0:10:01.9 EM: So on a similar note, I personally am very, very curious, are there things that estheticians who are not considered people of colour, so White estheticians like myself, are there things that they should be keeping in mind when providing treatments for our Black clients aside from just whatever is on the consultation form? Obviously, that's incredibly important still, but is there anything in addition to that that White estheticians maybe should be keeping in mind?
0:10:32.8 CO: Yeah, so I was reading a couple of books. And when I first got into aesthetics, of course, I took a lot of multicultural skin courses, and I did a bunch of reading. Because unfortunately, there's not a ton of information out there, so you really have to go out there and dig. But I would urge everyone to take a multicultural skin course or read a couple of books because it does go deeper than just the surface level. And what I've found very interesting is sometimes you have to look at culturally speaking, what are some things that your clients may be doing or what they may believe in in terms of skin care? So for instance, my mom loves to use... Don't cringe, she just uses shea butter on her skin, and she uses that to moisturise. Most of the time as an esthetician, I cringe. I'm like "No, not just... No, mom, you need a moisturiser, you need a toner." But for a lack of a better term, if it ain't broke, don't fix it.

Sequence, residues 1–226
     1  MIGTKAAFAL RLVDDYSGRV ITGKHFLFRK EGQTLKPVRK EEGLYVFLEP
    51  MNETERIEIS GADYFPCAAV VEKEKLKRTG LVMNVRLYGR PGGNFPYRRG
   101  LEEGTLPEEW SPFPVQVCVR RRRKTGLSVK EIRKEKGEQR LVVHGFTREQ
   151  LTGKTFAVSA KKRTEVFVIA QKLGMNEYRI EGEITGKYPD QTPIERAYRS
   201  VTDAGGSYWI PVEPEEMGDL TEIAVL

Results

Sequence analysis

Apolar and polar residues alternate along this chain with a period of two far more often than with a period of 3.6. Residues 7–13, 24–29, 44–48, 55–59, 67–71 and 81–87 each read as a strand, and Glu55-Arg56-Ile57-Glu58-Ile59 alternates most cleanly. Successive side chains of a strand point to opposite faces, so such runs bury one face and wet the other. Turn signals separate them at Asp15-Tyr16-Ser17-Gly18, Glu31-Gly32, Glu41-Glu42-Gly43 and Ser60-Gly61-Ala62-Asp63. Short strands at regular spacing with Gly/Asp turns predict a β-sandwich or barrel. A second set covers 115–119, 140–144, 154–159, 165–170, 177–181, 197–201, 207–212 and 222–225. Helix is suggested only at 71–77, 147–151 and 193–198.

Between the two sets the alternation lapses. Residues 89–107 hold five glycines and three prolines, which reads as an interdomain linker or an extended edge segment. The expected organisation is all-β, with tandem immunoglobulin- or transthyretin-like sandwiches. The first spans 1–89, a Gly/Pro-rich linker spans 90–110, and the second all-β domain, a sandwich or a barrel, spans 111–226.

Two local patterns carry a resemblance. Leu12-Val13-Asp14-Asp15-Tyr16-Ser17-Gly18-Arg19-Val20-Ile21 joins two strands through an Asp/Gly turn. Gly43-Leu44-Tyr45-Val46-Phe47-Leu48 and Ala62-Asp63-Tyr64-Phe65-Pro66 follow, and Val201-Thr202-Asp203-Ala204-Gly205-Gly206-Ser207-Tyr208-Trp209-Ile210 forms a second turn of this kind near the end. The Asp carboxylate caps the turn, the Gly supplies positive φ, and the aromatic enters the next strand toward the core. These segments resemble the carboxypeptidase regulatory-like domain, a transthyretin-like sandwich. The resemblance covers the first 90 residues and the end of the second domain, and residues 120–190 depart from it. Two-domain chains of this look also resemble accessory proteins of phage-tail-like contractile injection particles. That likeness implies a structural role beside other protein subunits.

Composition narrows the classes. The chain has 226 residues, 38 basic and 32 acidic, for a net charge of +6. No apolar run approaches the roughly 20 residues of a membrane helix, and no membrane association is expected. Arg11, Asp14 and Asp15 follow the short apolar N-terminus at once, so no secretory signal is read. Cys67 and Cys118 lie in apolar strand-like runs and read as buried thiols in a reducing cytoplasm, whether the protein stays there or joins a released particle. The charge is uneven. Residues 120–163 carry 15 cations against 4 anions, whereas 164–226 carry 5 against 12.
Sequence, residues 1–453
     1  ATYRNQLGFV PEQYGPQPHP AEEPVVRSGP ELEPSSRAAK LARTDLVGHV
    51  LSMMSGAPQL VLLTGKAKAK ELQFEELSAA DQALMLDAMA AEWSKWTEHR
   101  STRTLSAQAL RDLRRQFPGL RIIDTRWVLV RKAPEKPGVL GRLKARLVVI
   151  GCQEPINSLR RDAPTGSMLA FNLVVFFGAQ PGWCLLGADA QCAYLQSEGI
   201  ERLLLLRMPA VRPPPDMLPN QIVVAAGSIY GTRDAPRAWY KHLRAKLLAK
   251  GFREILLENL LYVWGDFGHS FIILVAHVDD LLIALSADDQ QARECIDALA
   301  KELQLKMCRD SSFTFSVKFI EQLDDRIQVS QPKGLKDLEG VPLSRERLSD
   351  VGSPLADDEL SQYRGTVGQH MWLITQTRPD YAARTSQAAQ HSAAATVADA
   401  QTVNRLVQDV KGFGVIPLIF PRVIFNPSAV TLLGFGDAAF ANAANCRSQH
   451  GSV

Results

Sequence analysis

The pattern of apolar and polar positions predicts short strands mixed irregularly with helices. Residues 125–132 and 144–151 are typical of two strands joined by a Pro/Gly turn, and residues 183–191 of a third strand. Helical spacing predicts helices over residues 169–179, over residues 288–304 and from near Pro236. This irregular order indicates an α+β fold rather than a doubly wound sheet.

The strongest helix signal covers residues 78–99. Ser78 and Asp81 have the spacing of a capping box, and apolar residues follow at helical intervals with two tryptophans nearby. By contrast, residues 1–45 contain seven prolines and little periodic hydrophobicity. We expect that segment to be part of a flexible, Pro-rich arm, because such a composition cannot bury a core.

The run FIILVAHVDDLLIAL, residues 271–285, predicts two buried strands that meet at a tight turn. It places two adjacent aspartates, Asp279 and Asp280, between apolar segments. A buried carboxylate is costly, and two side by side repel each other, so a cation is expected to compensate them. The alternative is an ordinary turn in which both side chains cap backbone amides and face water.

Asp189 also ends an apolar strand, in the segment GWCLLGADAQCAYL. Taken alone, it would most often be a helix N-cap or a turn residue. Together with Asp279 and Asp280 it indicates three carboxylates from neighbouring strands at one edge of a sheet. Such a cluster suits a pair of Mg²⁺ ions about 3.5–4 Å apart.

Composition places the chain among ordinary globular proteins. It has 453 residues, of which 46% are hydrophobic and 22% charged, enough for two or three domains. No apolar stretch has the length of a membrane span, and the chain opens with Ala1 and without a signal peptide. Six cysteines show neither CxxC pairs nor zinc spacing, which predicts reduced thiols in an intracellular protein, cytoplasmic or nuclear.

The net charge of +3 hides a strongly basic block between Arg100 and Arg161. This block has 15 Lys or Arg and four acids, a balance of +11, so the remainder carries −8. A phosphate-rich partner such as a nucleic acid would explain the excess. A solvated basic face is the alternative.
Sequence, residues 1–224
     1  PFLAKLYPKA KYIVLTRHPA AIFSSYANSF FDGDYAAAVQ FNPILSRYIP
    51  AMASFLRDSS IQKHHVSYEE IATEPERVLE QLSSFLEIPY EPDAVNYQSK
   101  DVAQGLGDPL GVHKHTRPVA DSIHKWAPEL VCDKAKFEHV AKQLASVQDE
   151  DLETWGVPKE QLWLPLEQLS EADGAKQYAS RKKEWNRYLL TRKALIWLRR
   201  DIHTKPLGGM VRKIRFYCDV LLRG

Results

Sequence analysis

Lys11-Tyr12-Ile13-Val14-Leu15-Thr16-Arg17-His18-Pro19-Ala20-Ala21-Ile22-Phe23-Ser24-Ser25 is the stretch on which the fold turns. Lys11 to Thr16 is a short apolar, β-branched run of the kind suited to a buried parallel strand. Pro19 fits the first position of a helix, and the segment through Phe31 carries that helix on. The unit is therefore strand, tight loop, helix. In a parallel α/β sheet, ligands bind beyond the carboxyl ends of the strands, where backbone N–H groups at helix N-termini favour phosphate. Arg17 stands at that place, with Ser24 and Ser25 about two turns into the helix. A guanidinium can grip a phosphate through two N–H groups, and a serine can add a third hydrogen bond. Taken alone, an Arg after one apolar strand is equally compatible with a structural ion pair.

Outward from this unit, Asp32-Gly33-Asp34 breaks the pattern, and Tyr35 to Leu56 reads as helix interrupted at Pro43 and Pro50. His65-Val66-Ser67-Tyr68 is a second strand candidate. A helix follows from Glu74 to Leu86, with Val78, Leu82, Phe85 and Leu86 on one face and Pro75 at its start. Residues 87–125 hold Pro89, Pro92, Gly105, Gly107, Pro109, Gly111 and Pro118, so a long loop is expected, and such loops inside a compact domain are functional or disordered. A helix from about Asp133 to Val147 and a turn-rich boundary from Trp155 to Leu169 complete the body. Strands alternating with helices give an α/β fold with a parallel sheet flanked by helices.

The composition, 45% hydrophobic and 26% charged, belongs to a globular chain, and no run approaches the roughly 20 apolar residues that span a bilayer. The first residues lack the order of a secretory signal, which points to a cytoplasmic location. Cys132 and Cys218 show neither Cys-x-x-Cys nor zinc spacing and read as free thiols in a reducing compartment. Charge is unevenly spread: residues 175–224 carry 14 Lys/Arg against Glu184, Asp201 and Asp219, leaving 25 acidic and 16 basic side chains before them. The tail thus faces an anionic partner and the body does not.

0:11:33.9 CO: So what I've learned is that a lot of my more seasoned African-American clients, they kind of lean towards the "old school" way of doing skin care. So it's the shea butter, it's the cocoa butter, all the pore clogging ingredients, but they don't have a lick of a breakout and their skin is amazing. So think about what are some things that you can do so you may not sell them on skin care products right off the bat, especially if they don't have any issues, visible issues with anti-aging at the moment or any issues with pore clogging, and things of that sort. So I think, not even necessarily with the consultation, but really having that conversation with your client to see what their goals are. I came from a marketing and sales background, and one of the things that I was taught in my training is, "You have to pick up on what the client is not telling you, and you have to dig a little bit deeper." So yes, please go through your facial consultation form, but also talk about what their goals are.
0:12:41.1 CO: And it's funny because you may look at a client and they may visibly have dry skin, and they may not even realise that their skin is dry or dehydrated. Prime example, I'm thinking like... Oh my God, this just popped into my head. So I work with primarily acne clients, and I get a lot of people contacting me and saying, "Help me with my dark marks or hyper-pigmentation." Sometimes they use layman's terms. So dark marks or whatever, "Help me with my dark spots, my hyper-pigmentation." And then they come in, and I see that they have ongoing acne, but their first goal was to get rid of the hyper-pigmentation. And so a lot of times, we can't necessarily just go off of... I mean, by all means, you need to fix their acne first, but also take care and take interest in what their goals are as well.